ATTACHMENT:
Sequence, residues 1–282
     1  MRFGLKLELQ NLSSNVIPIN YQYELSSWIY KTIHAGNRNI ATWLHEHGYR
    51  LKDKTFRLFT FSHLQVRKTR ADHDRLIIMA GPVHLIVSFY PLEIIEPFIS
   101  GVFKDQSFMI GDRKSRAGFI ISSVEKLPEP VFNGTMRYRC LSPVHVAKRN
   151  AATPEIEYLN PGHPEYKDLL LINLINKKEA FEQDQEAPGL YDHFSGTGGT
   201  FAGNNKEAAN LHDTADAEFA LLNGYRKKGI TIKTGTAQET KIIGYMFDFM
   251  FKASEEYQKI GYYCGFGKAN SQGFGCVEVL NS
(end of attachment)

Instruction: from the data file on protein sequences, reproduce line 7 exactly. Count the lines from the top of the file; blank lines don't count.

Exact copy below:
   251  FKASEEYQKI GYYCGFGKAN SQGFGCVEVL NS